Profile: Robin Harvie, publisher at HarperCollins commissioning non-fiction print and digital

Profile: Robin Harvie, publisher at HarperCollins commissioning non-fiction print and digital

I am pulling together profile pieces from digital publishing professionals. The profiles explain job responsibilities and all of the digital touch points within the different roles. I would like profiles from professionals covering all areas of the industry. If you would like to be involved, please email me at This is Robin Harvie's profile, he is a publisher at HarperCollins commissioning non-fictions and digital projects across both the 4th Estate list and The Friday Project.


The Friday Project was originally conceived to take the best of the web and put words between covers, and on this list I published the UK’s first interactive eBook for the general election. The author had written an original polemic, which we then gave readers the chance to respond to through the website that collated a forum of discussion content that was then edited for a second edition of the book – truly a manifesto by the people and for the people. The eBook edition of It’s All Their Fault was filled with web hyperlinks to external content such as video and audio footage, statistical data and extra information that enriched the readers’ experience of the polemic without getting in the way of the central arguments of the book.

On the 4th Estate list I have just published the new book by the mathematician Marcus du Sautoy, called The Num8er My5teries. The book is filled with puzzles and games to play that explain the mathematical problems that Marcus writing about, and allow people to get inside the maths and see how it works for themselves. The book is also the first in the UK to include QR – quick response – codes that the reader scans with their smartphone which will then take them to the relevant website that shows more detail about the problem being discussed. My favourite is the video of Roberto Carlos scoring taking a free kick against France that demonstrates chaotic motion.

We have also developed a gaming app out of the book. Alongside video content of Marcus explaining some of the mathematical problems, there are also a variety of games to play that the reader to engage directly with some of the oldest problems in mathematics.


For me, what is most exciting about digital technology is that eBooks and apps make it possible to reconceive books for devices that people use to email, call, play games and tweet, in a way that allows an author to reach people who have rarely bought books before. And I have now started having conversations about collaboration with people in the gaming industry, where before this would never have happened. Such collaborations are beginning to break down barriers. Three years ago the government launched a scheme to provide funding to UK companies that collaborate on digital initiatives in an attempt to stimulate new ideas. Similarly, Artist's eBooks ( has been set up to explore "new platforms and formats" for authors. One book that it features, Niven Govinden's L'histoire de Bexhill Baudelaire, includes links to YouTube videos which comprise the book's soundtrack.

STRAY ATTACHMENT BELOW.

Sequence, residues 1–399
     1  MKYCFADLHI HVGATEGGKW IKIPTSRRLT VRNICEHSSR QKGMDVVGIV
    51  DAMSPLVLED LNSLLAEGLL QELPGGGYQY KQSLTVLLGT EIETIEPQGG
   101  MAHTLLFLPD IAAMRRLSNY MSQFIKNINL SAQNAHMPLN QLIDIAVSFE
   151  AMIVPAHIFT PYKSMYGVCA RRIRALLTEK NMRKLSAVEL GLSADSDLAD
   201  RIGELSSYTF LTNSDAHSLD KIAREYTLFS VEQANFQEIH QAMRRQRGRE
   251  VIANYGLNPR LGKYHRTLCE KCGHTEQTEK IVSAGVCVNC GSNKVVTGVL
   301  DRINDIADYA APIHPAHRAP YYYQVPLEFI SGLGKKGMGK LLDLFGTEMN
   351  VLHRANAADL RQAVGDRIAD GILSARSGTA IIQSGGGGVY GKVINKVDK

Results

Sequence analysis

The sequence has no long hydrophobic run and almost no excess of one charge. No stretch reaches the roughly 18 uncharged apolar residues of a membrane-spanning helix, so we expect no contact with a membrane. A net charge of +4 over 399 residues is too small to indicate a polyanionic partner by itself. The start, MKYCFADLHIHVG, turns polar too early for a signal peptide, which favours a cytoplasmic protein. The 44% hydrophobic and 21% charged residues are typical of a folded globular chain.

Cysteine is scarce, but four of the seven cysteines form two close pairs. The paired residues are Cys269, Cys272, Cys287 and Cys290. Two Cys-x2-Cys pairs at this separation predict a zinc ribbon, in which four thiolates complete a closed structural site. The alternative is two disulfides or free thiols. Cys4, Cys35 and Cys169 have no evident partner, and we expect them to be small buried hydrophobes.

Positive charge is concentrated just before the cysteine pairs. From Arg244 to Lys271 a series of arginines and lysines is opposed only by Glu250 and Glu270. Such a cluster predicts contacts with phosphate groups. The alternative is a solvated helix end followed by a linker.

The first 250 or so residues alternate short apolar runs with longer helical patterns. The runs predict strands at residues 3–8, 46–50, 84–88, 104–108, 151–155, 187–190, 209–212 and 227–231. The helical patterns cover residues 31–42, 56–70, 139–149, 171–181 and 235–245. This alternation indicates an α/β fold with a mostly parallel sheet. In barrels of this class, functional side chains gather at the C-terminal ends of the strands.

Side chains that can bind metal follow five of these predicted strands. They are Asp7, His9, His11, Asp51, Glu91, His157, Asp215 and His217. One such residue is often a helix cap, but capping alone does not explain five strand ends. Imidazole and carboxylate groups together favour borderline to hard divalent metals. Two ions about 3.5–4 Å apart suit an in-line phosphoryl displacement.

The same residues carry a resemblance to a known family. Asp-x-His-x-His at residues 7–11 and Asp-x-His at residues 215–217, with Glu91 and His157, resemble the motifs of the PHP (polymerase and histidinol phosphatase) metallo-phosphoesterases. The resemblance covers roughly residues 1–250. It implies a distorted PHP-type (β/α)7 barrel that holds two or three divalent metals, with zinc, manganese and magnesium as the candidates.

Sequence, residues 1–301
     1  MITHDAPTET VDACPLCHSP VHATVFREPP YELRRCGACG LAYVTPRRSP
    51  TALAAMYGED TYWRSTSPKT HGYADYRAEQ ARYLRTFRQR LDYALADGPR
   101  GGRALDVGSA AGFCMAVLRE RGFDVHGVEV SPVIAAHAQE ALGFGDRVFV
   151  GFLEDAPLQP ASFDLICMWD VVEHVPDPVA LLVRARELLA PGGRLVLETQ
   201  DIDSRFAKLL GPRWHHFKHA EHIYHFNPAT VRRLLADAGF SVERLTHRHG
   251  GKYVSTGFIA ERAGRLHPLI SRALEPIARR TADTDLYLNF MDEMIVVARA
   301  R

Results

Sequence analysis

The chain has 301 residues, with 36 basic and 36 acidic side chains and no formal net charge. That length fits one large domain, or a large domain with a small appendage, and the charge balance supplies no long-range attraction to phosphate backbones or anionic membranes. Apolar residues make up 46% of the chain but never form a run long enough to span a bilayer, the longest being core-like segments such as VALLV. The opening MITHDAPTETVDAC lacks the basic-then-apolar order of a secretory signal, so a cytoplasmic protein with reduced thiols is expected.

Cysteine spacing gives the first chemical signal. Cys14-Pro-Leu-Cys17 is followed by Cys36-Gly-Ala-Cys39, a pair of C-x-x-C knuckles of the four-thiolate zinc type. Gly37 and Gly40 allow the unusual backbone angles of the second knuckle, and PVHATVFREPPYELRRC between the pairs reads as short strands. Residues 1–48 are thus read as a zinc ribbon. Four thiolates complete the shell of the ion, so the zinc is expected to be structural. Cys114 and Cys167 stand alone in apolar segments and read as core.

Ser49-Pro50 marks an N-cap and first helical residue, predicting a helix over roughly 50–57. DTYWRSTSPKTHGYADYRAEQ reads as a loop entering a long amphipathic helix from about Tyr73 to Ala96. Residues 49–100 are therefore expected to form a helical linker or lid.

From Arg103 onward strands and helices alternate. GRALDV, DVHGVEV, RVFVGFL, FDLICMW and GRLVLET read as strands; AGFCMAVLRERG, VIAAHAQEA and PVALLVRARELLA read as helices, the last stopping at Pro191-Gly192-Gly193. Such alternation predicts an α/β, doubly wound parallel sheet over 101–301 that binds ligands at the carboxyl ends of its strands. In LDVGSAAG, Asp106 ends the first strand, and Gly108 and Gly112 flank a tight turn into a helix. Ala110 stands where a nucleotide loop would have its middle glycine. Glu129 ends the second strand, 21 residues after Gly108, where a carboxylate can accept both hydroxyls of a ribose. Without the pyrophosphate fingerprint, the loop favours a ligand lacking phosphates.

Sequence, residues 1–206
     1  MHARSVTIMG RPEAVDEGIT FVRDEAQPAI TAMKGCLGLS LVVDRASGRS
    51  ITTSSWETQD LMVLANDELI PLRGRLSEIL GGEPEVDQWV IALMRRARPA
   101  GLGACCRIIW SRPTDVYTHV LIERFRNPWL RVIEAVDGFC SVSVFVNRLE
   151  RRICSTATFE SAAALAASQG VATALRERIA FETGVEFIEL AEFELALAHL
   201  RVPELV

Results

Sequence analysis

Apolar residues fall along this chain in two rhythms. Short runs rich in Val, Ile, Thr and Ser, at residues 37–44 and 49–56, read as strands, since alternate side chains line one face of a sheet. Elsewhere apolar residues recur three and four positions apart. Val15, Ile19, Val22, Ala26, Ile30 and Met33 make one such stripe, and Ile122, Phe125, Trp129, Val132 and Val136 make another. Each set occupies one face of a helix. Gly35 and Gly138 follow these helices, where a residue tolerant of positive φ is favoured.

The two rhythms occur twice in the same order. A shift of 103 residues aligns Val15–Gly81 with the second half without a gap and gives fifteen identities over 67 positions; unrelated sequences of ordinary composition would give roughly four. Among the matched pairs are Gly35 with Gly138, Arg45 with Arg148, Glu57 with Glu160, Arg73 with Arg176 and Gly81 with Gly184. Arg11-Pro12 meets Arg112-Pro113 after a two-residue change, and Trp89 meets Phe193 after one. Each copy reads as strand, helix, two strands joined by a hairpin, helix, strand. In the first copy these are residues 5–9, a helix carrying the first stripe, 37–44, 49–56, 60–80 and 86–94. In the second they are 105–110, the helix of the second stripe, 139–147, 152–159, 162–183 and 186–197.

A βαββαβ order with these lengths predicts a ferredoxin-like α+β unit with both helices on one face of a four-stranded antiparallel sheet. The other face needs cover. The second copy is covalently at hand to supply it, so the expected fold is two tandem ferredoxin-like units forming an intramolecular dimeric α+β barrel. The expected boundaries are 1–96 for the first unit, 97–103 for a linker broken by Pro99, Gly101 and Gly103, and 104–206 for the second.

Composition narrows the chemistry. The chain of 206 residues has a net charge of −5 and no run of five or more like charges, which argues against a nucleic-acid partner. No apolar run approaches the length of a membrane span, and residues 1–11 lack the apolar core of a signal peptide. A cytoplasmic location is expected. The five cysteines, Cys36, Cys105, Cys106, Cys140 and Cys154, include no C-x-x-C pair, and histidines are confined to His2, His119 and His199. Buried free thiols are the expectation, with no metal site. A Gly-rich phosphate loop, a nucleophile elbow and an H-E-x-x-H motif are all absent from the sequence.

The future offers much more. One of the most intriguing prospects for me is to use social networking facilities to conduct mass-participation experiments to explain the science discussed in a book. You can already download for nothing an app that allows you to join the Galaxy Zoo project to help astronomers explore the universe. Twitter and Facebook offer the opportunity to create communities bound together by the experience of reading a particular book. The app that lets you read the series of Scott Pilgrim comics on your smartphone is already exploiting the power of social networking to create dialogue between readers, who use the characters from the comics as their avatars.

Marvel Comics' app gives you access to more than 500 comic books, featuring Iron Man, Captain America, Spider-Man, Hulk, Thor and more of the world's most popular superheroes. The app brings the world of Marvel to iPad owners with each comic presented at high resolution, and includes a search engine and innovative viewing options. But apps such as this also often feature a comic shop locator, allowing users to source a local retailer – an indication that the app editions are at present being seen as supplementary to the printed book, not a cannibalisation of an existing market. Reading experiences can take many forms. I am always on the lookout for new ways to convey the excitement of the books I publish, and I see it as part of my job to always be on the lookout for new technologies that can help enrich a reader's experience.